Donald Trump this week: Backlash from ‘son of a bitch’ speech, his tax plan and Tom Price – National

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Donald Trump this week: Backlash from ‘son of a bitch’ speech, his tax plan and Tom Price - National

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Donald Trump called an NFL player who non-violently protested a “son of bitch,” tweeted about a fake missile, made a ‘declaration of war’ against North Korea, blasted John McCain over the death of Republican health care and withdrew a White House invitation to NBA superstar, Steph Curry.

That was just Saturday.

Here’s what else happened in the world the 45th president this week.

Sept 28: NFL owners are ‘afraid of their players’ says Trump

Seemingly determined not to let a good distraction fade from the headlines, Trump said NFL owners are “afraid of their players” when it comes to the recent controversy over players kneeling during the National Anthem.

“I have so many friends that are owners and they’re in a box,” Trump told Fox News in an interview Thursday. “I mean, I’ve spoken to a couple of them, and they say, ‘We are in a situation where we need to do something.’ I think they’re afraid of their players if you want to know the truth, and I think it’s disgraceful.”

READ MORE: Trump lifts shipping restrictions, boosts aid for storm-ravaged Puerto Rico

The president called the protests disrespectful to the American flag and those in the military. Players, meanwhile, said they are protesting racism and police brutality and argue that they are exercising their right to free speech.

Earlier Thursday, Trump temporarily lifted restrictions on foreign shipping from the U.S. to Puerto Rico to help get supplies there as it reels from the devastation of Hurricane Maria. Most of the territories’ 3.4 million people are still without electricity and some critics have argued the government has been slow to respond.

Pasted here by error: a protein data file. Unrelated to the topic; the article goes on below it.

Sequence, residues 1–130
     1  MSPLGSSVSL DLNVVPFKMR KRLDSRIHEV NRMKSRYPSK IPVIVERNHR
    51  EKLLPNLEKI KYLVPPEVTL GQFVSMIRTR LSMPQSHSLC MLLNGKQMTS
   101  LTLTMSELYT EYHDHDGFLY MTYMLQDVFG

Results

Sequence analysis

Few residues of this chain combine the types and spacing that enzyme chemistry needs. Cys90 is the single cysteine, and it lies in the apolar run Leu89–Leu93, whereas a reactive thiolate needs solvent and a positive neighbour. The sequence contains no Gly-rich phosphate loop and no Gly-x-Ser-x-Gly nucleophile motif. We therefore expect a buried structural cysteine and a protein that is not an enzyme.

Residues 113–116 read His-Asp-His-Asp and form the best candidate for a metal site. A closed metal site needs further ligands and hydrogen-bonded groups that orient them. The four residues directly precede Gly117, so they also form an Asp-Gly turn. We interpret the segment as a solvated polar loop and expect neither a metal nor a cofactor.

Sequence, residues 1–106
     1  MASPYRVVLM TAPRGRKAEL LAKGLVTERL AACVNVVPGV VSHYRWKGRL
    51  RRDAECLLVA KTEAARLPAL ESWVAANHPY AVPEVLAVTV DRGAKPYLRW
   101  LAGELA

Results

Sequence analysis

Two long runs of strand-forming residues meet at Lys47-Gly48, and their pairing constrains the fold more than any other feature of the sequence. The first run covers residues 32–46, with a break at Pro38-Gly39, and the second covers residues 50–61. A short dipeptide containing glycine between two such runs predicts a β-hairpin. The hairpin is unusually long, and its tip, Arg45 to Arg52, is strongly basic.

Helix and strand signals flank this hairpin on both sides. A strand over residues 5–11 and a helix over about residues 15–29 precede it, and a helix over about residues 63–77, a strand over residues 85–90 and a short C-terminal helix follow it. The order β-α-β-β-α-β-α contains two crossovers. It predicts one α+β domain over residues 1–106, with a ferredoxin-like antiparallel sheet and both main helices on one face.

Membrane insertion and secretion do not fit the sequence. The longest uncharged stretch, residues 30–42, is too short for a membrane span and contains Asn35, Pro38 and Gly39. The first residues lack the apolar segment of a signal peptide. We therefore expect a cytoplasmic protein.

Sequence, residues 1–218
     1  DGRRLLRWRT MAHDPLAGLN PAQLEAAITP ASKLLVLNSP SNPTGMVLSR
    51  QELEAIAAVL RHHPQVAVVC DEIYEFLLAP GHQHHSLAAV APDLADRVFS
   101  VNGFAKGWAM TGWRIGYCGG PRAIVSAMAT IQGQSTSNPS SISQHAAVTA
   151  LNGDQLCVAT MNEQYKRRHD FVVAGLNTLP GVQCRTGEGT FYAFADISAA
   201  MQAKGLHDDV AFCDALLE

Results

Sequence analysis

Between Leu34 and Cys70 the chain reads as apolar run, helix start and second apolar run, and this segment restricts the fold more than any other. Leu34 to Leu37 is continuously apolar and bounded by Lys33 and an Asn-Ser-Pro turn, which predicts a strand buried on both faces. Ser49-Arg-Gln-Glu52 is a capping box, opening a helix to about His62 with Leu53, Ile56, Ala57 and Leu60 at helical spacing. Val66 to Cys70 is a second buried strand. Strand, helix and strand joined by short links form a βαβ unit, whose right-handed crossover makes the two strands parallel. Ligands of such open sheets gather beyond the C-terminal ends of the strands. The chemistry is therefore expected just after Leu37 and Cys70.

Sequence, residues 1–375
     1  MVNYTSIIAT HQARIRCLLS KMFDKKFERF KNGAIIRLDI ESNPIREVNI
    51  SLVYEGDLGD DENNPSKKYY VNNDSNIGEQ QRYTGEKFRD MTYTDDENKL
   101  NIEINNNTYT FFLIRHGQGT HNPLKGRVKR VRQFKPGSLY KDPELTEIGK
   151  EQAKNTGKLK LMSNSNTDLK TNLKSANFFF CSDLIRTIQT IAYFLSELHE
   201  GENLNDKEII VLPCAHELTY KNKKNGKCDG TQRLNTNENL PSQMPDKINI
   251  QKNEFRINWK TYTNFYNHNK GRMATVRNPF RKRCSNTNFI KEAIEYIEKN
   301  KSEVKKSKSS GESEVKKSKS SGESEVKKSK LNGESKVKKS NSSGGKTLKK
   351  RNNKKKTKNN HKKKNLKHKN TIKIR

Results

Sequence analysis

Sept 27: Trump’s tax plan

Trump on Wednesday proposed the biggest tax overhaul that would lower corporate income tax rates, cut taxes for “pass-through” businesses, reduce the top income tax rate for individual Americans and scrap some widely used tax breaks.

The plan offered very few details about how to pay for the cuts without dramatically driving up federal deficits. One estimate said it would reduce federal revenue by up to $5.9 trillion in the next decade.

WATCH: Trump unveils massive tax cuts – but do they help, or harm the middle class?





Health and Human Services Secretary Tom Price has reportedly been using private planes for government business, which has cost American taxpayers more than $400,000.

READ MORE: Does Donald Trump’s tax plan really hold ‘little benefit’ for the wealthy?

Asked Wednesday whether Trump would fire Price over the scandal, the president responded: “we’ll see.”

Trump has said he is “not happy” about the practice, which is common among members of his cabinet.

READ MORE: Donald Trump ‘not happy’ with top health official who used private planes

“I am not happy about it I’m going to look at it. I let him know it,” Trump told reporters at the White House.

WATCH: Trump ‘not happy’ with U.S. health chief Tom Price over private travel





Sept 26: Trump caps refugees admitted to U.S. at lowest level since 1980

The Trump administration announced it plans to limit the number of refugees admitted to the U.S. in the coming year at 45,000, the lowest number since 1980.

Trump previously issued an executive order lowering the maximum number to 50,000 for 2017, saying that more would be “detrimental to the interests of the United States” and has cited security concerns.